The Cincinnati Enquirer from Cincinnati, Ohio on December 21, 1975 · 28
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The Cincinnati Enquirer from Cincinnati, Ohio · 28

Cincinnati, Ohio
Issue Date:
Sunday, December 21, 1975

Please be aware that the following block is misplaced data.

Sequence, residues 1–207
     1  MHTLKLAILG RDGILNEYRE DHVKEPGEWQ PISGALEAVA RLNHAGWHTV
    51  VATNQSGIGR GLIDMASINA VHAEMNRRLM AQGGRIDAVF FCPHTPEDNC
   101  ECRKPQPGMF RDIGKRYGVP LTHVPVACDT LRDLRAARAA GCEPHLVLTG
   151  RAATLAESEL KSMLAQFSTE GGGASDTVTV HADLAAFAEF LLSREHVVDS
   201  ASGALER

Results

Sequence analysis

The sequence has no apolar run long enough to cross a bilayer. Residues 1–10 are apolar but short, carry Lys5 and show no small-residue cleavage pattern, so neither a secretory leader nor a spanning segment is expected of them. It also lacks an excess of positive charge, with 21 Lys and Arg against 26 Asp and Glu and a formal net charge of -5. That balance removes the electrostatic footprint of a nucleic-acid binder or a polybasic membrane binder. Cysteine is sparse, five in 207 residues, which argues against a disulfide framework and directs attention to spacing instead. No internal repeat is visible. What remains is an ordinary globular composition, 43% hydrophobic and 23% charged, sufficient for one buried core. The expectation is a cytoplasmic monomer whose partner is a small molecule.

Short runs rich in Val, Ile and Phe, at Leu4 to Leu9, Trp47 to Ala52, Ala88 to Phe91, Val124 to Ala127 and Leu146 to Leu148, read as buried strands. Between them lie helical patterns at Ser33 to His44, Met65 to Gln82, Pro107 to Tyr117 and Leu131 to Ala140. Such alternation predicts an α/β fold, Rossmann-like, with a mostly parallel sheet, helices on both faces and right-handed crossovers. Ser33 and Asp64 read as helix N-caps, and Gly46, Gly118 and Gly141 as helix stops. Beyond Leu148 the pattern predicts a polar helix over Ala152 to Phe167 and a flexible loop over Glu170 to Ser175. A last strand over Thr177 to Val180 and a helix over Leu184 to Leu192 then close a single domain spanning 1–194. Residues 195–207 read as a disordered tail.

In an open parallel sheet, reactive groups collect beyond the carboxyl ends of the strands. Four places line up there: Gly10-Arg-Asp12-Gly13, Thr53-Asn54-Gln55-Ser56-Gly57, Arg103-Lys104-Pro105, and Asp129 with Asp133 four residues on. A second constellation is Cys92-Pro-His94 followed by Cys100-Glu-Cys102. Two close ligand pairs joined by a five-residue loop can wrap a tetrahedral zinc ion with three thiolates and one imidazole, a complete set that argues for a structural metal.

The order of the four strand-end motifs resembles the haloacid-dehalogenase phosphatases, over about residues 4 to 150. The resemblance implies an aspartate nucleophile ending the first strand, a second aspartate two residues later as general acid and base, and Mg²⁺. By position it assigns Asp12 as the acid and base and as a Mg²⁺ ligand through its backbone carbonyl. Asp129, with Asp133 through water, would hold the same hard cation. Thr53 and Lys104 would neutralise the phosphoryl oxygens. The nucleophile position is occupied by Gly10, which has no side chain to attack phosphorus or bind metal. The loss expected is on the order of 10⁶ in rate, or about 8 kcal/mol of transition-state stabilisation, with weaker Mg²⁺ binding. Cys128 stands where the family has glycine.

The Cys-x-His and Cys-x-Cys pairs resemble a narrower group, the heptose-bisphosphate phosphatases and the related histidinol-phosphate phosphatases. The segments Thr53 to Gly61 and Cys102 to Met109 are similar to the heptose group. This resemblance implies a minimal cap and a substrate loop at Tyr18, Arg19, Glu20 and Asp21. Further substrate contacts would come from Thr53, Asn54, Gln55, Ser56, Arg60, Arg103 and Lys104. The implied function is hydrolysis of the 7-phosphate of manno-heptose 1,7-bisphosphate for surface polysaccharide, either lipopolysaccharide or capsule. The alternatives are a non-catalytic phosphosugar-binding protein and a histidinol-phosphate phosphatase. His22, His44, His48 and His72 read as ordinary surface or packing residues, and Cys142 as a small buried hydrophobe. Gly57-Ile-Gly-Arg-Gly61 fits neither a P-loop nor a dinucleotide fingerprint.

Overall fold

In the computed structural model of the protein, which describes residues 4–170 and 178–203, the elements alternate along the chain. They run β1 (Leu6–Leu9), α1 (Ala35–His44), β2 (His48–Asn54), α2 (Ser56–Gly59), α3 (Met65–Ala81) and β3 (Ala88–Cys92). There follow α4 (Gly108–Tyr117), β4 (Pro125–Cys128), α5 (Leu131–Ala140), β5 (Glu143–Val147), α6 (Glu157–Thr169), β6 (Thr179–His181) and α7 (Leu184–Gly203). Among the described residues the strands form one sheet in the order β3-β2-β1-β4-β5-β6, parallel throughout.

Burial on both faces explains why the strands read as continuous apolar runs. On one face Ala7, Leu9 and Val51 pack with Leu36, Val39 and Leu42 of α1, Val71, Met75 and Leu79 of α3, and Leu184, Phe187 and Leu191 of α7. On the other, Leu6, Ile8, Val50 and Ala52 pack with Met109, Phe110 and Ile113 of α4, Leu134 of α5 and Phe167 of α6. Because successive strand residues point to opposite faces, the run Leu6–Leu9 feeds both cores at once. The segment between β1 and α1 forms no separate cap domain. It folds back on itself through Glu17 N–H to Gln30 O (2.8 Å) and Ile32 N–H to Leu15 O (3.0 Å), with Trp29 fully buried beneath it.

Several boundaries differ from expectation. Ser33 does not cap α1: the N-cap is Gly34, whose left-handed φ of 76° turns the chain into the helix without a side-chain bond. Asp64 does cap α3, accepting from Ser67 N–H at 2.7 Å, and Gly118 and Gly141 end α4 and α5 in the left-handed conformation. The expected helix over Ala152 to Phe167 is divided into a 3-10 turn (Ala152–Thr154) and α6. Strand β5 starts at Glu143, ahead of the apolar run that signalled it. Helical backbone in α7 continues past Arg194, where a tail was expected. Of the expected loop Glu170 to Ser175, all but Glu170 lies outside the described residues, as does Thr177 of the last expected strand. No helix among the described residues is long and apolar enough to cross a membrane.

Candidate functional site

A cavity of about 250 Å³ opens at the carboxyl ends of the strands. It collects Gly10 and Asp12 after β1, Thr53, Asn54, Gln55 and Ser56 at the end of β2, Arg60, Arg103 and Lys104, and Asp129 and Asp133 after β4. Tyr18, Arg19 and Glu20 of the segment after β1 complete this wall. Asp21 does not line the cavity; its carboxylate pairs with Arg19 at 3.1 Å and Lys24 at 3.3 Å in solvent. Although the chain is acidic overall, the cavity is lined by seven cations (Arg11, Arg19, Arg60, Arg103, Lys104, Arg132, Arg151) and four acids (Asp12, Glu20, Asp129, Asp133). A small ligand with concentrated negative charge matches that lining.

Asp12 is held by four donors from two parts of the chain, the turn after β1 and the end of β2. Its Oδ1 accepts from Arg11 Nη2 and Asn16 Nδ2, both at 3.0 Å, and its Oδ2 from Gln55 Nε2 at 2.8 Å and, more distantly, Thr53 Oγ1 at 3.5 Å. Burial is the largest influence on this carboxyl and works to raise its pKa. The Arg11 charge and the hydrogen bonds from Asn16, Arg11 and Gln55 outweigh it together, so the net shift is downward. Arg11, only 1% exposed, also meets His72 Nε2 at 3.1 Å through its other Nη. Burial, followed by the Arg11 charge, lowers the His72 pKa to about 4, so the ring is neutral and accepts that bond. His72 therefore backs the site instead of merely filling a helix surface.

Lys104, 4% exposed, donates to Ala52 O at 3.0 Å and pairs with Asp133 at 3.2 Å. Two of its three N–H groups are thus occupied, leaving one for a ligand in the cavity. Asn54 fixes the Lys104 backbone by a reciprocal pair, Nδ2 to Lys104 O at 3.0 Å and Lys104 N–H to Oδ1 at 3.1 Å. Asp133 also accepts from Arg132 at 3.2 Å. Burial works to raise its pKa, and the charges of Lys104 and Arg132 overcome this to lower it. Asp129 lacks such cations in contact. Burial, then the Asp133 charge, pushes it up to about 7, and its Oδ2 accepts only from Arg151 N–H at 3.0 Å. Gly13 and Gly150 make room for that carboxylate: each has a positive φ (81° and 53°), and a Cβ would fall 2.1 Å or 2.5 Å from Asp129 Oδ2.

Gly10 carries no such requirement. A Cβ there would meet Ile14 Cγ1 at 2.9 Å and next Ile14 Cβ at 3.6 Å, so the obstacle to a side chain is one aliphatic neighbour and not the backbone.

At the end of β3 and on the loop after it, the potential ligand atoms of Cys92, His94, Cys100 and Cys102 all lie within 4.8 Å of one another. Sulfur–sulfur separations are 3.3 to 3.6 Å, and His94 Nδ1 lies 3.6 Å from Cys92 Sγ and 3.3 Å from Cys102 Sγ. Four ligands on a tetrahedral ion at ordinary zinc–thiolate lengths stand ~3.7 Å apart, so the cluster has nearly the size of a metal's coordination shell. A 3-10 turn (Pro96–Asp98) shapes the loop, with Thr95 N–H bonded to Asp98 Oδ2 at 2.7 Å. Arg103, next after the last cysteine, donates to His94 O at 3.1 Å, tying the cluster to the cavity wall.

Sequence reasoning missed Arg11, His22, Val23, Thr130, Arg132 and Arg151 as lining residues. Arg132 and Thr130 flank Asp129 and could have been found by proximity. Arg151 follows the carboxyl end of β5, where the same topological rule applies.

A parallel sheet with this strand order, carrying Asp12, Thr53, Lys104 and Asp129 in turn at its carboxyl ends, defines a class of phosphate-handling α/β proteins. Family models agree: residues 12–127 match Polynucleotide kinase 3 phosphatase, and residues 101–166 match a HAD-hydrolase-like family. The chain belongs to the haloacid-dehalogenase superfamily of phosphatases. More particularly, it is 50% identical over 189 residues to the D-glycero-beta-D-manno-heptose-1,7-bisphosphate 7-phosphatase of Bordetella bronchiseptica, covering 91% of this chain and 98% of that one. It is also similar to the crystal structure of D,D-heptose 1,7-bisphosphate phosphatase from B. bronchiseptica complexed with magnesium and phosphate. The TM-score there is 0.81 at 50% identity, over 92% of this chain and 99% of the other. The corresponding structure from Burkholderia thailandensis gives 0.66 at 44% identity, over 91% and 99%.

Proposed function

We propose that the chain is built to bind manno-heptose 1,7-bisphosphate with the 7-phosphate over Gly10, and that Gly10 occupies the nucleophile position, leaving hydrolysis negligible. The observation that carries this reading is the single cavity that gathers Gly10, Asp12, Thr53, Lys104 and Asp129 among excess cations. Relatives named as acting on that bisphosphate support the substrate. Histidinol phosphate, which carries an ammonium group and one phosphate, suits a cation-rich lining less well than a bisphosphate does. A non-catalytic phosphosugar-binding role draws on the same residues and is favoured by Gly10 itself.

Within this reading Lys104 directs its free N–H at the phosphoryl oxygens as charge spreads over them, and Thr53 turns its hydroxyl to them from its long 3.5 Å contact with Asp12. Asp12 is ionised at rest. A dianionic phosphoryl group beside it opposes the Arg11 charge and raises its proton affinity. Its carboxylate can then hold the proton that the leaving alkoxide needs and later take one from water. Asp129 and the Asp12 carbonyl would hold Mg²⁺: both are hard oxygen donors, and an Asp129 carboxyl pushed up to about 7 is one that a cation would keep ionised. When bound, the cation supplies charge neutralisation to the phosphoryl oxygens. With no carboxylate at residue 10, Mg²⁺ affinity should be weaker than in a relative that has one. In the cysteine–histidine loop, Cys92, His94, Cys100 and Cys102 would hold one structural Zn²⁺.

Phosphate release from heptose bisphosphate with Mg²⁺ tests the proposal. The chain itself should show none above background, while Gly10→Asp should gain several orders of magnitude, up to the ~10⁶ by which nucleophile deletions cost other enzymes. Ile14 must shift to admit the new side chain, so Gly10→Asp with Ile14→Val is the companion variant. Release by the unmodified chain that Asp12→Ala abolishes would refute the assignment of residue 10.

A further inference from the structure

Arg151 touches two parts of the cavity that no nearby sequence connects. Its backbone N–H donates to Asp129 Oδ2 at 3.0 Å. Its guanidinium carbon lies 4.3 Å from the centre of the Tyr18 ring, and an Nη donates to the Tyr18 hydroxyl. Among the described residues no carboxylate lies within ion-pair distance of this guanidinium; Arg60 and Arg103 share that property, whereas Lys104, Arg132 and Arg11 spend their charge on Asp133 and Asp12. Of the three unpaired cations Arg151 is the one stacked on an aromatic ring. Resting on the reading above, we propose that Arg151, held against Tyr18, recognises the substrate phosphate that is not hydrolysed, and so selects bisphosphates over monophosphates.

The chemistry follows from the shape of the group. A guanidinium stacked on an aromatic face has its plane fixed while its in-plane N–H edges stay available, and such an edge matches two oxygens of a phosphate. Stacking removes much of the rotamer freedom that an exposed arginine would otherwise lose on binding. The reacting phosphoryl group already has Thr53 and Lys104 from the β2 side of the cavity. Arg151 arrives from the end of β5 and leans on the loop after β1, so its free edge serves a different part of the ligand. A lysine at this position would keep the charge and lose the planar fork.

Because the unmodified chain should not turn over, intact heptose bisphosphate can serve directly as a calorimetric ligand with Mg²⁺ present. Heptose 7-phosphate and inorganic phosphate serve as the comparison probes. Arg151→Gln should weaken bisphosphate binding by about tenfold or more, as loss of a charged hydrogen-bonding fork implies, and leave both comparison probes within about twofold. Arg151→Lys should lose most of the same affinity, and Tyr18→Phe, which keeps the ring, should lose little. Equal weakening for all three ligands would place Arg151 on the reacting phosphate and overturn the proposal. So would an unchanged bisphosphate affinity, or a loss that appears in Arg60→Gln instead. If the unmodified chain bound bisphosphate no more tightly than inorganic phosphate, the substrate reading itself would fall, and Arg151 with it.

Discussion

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C-8 THE CINCINNATI ENQUIRER Sunday, December 21, 1975 Tin ay Callahan Recalls Days At UC Without Rancor By BILL FORD Enquirer Sports Reporter "If I encountered the same problem," Ray Callahan was saying into the telephone, "I'd make the same decisions, except I'd fire one, maybe two assistants." The voice was firm, confident and resolute, in bold contrast to the almost inaudible tones which once emanated from a chair behind the dek in the office of the head football coach at University of Cincinnati three years and a month ago. JThiU, voice, too, belonged to Ray Callahan. It was sad, melancholy, atjrnost at the breaking point. i f Betrayed by one staff assistant wfio somehow succeeded in turning aiyoung impressionable team into utter confusion, its future uncertain, a disillusioned Ray Callahan, b$de farewell and good luck to the pl&yeny and walked out of college football. "FOREVER," says Ray Callahan. "There's no way I'd return to college football. No way. Well, maybe if it was the last thing on earth." Nice-guy Ray Callahan never walked away from football, however, and in spite of some disappointments as an assistant with the Baltimore Colts and an unbelievable adventure in the late World. Football League is alive and well in , the National Football League these days, teaching the Chicago Bears' offensive line. According to 'the word spilling about the league, the Bear towards are the NFL's most improved this season. "We haven't won as many as we set out to," says Callahan of the Bears who are restructuring away from the George Halas image under imaginative Jack Pardee. "We've got 16 rookies on the roster and 12 of those are starting. "We're starting three in the offensive line Jeff Sevy, Dan Peiff-er and Noah Jackson and I'd say they've improved 50, 60 since the start of the season. "IT'S BEEN a real pleasure coaching these young men and a treat watching them improve each week." If there are scars from the shocking experience at Cincinnati, Callahan disguises them well. "I'm disappointed, but not bitter," says Callahan, reflecting on his four years at Cincy where his teams went 20-won, 23-lost." Gentleman Ray never bad-mouthed anybody, anywhere, in football or in the stands, and still chooses to walk in that record. "HECK, THAT'S something in the past and I'd rather not talk about it," says Callahan of that last, disastrous 1972 season. It began with such promise, then blew skyhigh when heavily favored Colorado, played reasonably even by the Bearcats for three quarters, exploded 28 points in the last period to win in a rout. That began a series of second-guessing by at least one staffer, whose one-sided debates carried in front of the players. Eventually chaos. "It's hindsight now, but if I encountered that situation I'd fire him, maybe one other," says Callahan. "Otherwise, I'd make the same decisions. Hey, let's talk about something else. I like to look for all the good things." Only once in the conversation did Callahan even remotely suggest that greater co-operation from the administration in his day might have salvaged a football program he now believes is facing "extremely difficult days." "ALL THE things you try to do. the discipline, all these things were being torn down by things that were happening behind the back," says Callahan. "In these things, the administration has to be behind you 100. . .ah, say, can't we talk about something else? I still have a lot of friends on the campus, in the city. They're good people." Did in his experience he detect a" healthy future for the football program at the university? "At times, you'd feel you're fighting a losing battle," says Callahan. "I think any big university caught in the middle has lots of money problems. It's been that way for five, six years and getting worse." An early disciple of Paul (Bear) Bryant, for whom he played in his undergraduate days at University of Kentucky (and later assisted), and an aid to offensive minded Homer Rice, Callahan early had dedicated himself to football. IMAGINE THE distress inside: when he decided to give it up! I was hours away from a start in a business career when Howard Schnellenberger called and asked if I'd like to join him at Baltimore.' , says Callahan. "I said 'sure.' I coach-ed the defense, except the second-., ary." That lasted a year and then he joined Pardee in forming a team in ' the WFL. From September. of 1974 through the rest of the season, he ' was not paid and lost by his esti-' mate about $7000 in salary. ! "How did we live?" Callahan re- ' peated the question. "Well, fortu-; nately, I had a little money left from ' the sale of the house in Baltimore. But I loved every minute of it. It's 1 football. Quite an experience. Like here in Chicago with these young-players. What an experience. I'm lovin' evey minute of it." Ay IJJf I - fey k ffsd Open Invasion Of Hawaii Via Pepperdine Bearcats Take On The Real World Now By BILL FORD Enquirer Sports Reporter Having lived in semi-retirement since the start of the season (sorry about that, Biscayne, Wright State, St. Joe's et al), the Bearcats of Cincinnati this week learn what the real world of college basketball is like. The nationally ranked Bearcats take their seven-game unbeaten streak on the road for the first time, playing Pepperdine on Tuesday night at Malibu, Calif., before the exotic tour of Hawaii and the Rainbow Classic. Cincinnati coach Gale Catlett insists Pepperdine "is a pretty tough team." Before the Bearcats reach that campus, the Waves will have met this season such things called Hasting, Doane, Southern Humboldt, North Arizona, Mt. Marty (yes, Virginia, Mt. Marty, Yankton, S. D. Enrollment: 600) and Portland. Entering Saturday night's affair with Portland, Pep was 6-0 for the winter that swelled a two-season victory streak to 10. PEP ISN'T entirely unfamiliar to the Bearcats who ran up 107 points in a victory here last year. Somewhere Sun Shines ifeadowhrk, Globies Here (25H3EF COMIC Meadowlark Lemon, above, and the famed Harlem Globe-tjo,ters will be in Riverfront Coliseum Tuesday, December 30, for a 7:30 p.m. gtrme with tickets available at the Coliseum box office or Ticketron outlets. TZiXp Trotters are working on their nine millionth travel mile and have played before some 80 million persons. v. Uearcats, Too PITTSBURGH (UPI) - There was a cloud on the horizon when the Pittsburgh football team left Saturday for Friday's Sun Bowl date with Kansas at El Paso, Tex. Two starters and a reserve faced possible grand jury indictment upon their return on charges of aggravated assault. Two younger players not on the traveling squad also were awaiting grand jury action on charges they broke into an automobile and illegally billed longdistance telephone calls to another student. Coach Johnny Majors did not take any disciplinary action or make any public statement against any of the players, saying the American system of justice demands they be adjudged innocent until found guilty. But the furor and media attention the cases attracted left the usually Majors tight-lipped. The problems took the spotlight from the rest of the team, making its sec ond bowl appearance in the three years Majors has been in charge of returning Pittsburgh football to its former glory. Pitt star running back Tony Dorsett last March was fined $1145 for failure to pay 99 parking tickets. Then in October, two players were arrested on charges of impersonat ing police officers and terrorizing homosexuals. The public reaction to Dorsett was mostly one of amusement. And the charges against the two were dropped at a preliminary hearing for lack of evidence. Tag Football Champs Ray Prus & Sons won the Sunday division championship by defeating Yesterday's Saloon, 22-14, and Bar leycorn's edged Don's Plaza Lounge 8-6, for the Wednesday Division crown in Cincinnati Recreation Commission tag football this sea son. Bow Buckeyes Missed Steve Grote RVBILL ANZER Ljfrjuirer Sports Reporter HanN ARBOR, Mich.-It is difficult to improve on an 11-0 record, ar.ftp. 1 ranking and an impending ri4onal college football championship. But Woody Hayes might have tijgq an even better year at Ohio State, and the struggling Buckeye basketball team could instead be a contender, if a couple of things hadn't happened. A few recruiting seasons ago, there was a standout football player at Upper Sandusky High in Ohio by the name of Scott May. He also played a little basketball, but Ohio Of 'XI " - t: jpv CHRISMS SUGGESTIONS from STRAUS Calabash Pipes e&Jj to J) J) Block Meerschaum Pipes r SPECIAL FROM GARCIA Y VEGA ; Granadas ' Romeros I FREE $1.49 Lighter With This Purchase $70 Box of 30 English Corona FREE $2.50 Bottle English Leather After Shave Lotion With This Purchase 16 OZ. 8 02. v V. "' aromatic plain bourbon $550 $3C5 f 8tmUS Pipe Tobacco Stock Aroma of Quality STR AUS TOBACCONIST X 412 Walnut, 621-3388 Complete Selection of Pipe Racks, Pouches, Humidors, Ashtrays Sine tobacconists since 1880 CelebrJing Our 95tJi Year of State wouldn't guarantee allowing him to play both for the Buckeyes. He is now an All-America basket-baller at Indiana, which brings us to Cincinnati's Steve Grote. An all-stater on Elder High's basketball titlists two years ago, Grote also was an accomplished linebacker in football. He encountered the same problem as Scott May in talking with Ohio State people and is now a starting guard on Michigan's basketball team. . . BUT HE still wonders aloud if he could cut down the slippery superstar, Archie Griffin of Ohio State, on the gridiron from his former linebacker position. These thoughts and many others he recalled during the University of Michigan's invitational basketball tournament this past weekend. "I believe that my decision to go out of town to school to Michigan has helped me mature immensely," says the curly-haired Steve. "I've never had any regrets about my choice." Of his choice not to play before local audiences at University of Cincinnati after a super career at Elder, Steve recalled: "At first I couldn't figure out why they were not interested in me. I always liked to play at the Armory-Field House. I believe they didn't think I could play.guard. "It's been so many years ago I can't really remember just what happened. Except it was after an all-star game in Dayton that I received a call from some one from Cincinnati about playing there." "I DON'T remember if it was coach (Gale) Catlett or not. I'm not sure. It may have been someone else. "But I do recall that I told them I had a commitment to Michigan. I might have been persuaded to go to UC, if I hadn't already told Michigan I was going there." Grote, a hard nosed Junior guard on the Wolverines basketball team since his freshman year, still has fantasies about chopping down the likes of Griffin. "Yeah, every time I see an Ohio State game I miss football," admitted Steve. "I just can't see how some of those players can miss tackles. "Especially tackling Griffin. I guess he must be as super as they say. I'll never get the chance to see if I could handle him. I made my decision for basketball. I have no regrets." Steve, the dominant guard and quarterback of the Michigan basketball team, has been relatively slow starting in his point contributions during his career, preferring to assist the other players to the basket. "I'VE THOUGHT a lot about why I can't get going early in the season," said Steve. "I believe I just plain try too hard." Last year Grote, after a sluggish beginning, averaged better than 16 points a game through the final eight Big Ten Conference battles to spark the Wolverines to seven wins and a NCAA tournament berth. "This year I'm more relaxed and have better speed, explained Steve. "I believe I'll have a better start this . year because I've got more confi dence." ' "I've cut down on my eating and my weight is around 190, says the 6 2 guard. "I cut down on my beer. ' That helped, too. I seldom drink anything any more." However, he will drink a toast if the Wolverines can win the Big Ten Conference. An exhausting five-game Big Ten schedule within nine days in January is the key for Michigan success, views Grote. "I'd like for us to do well for coach Johnny Orr," explained Steve. "Because he is such a great man. "Some people have been demanding he be fired, yet he's almost reached the point of becoming Michigan's winningest basketball coach. I can't figure out some people's thinking." Gray Calls Foul Over Intrusion By TV Network MONTGOMERY, Ala (AP) - To accommodate television, the clock was gerrymandered during the Blue-Gray football game. And along with bitter cold weather, it put a chill on the North's dramatic last-minute comeback victory. "They have a right to be disappointed," said a Blue-Gray football official on the sidelines Friday night as the South squad cried foul-not against the North but against Mizlou Television Network, Inc. North quarterback Steve Myer of New Mexico connected with Stanford's Bill Singler for a 51-yard touchdown pass with only 31 seconds remaining to give the Blue a 14-13 victory. But as an estimated 10,000 fans braved freezing weather to watch the last-minute dramatics, it was the behind-the-scenes plays by the television network which frustrated the South. AT THE request of Mizlou, the first quarter was only 12 minutes long instead of the customary 15 minutes. A similar three-minute cut had been planned for the third quarter, but it was abandoned when it appeared the game would end ahead of schedule. And in the final period, with the South leading. 13-7, the Gray players shouted that a "slow clock" was giving the North a comeback chance. Disgusted South players did not hide their feelings, but North and South coaches and Mizlou executives Vic Piano and Claude Piano gave no comment about the curibus clock. Dick Skophammer and Marcos Leite come to the fore in a hurry. Skophammer scored 22 on the Cincys in that game and Leite added 16. Leite is an international celebrity of sorts. He played on Brazil's Olympic team in 1972, desired to learn basketball the American way and after mail correspondence enrolled at Pep. Leite, who stretches 6 foot 10, is a junior academically, and intends to rejoin the Brazilian team for next year's Games. THE RAINBOW Classic promises adventuresome competition. The Bearcats drew Arizona as a first-round foe. If that doesn't mean anything,,-Arizona in preseason scuttlebutt ; was considered among the top 15, i college teams in the country. Swell, until the Wildcats ran into Idaho, . Kansas State and Nevada-Las, Vegas for three straight losses. f i Catlett thinks so much of the Arizona skills he drove Saturday to.', Illinois where the Wildcats met the J Big Ten team. The Bearcats are bracketed with, Holy Cross and Iowa. Southern California-St. Peter's (N.J) and Yale-Hawaii are in the other brack- : et. The tourney opens Friday night, : but Cincinnati isn't scheduled to i play until 2:15 a.m. December 28-(EST). The championship will be i decided December 30. r TOUGH STEEL-BELTED WHITEWALLS TO FIT YOUR CAR AT A PRICE TO FIT YOUR POCKET. II lit ' m'm?fA fi r K ii ji!asteel' if lO If SbaS2 ! 111 jf IJEV- -P0Jvester A78X13 PLUS OLD TIRE. Enjoy the security of a smooth, safe ride with tires built to last 35,000 miles. Constructed of two steel belts and two polyester cord plies. 'Plus FET of $1.89 to $3.30. Other sizes available: 3Se E78X14, F78X14 PLUS OLD TIRE G78X14,G78X15 PLUS OLD TIRE ' 45h H78X14,L78X15 PLUS OLD TIRE Limited Warranty: replacement within 90 days is unconditional. Tread warranted against wearout for miles specified. Replacement in exchange for old tire and a pro-rate amount based on mileage L run on tire and its current selling price. Optional tire services at extra charge: Valves-99c each. Dynamic wheel balance-$2.50. Dynamic and static spin wheel balance-$3.50. Mounting, installation, rotation and repair at no additional charge. Shillito's Auto Centers are open Sunday for your convenience: Downtown Garage store open 11 a.m. to 5 p.m., Tri-County, Kenwood and Winton Road open 11 a.m. to 6 p.m. today. Downtown Garage store open weekdays 7:30 a.m. to 6 p.m., Monday 7:30 a.m. to 9 p.m., and Saturday 8:30 a.m. to 5:30 p.m. Western Woods Center is closed. Biiios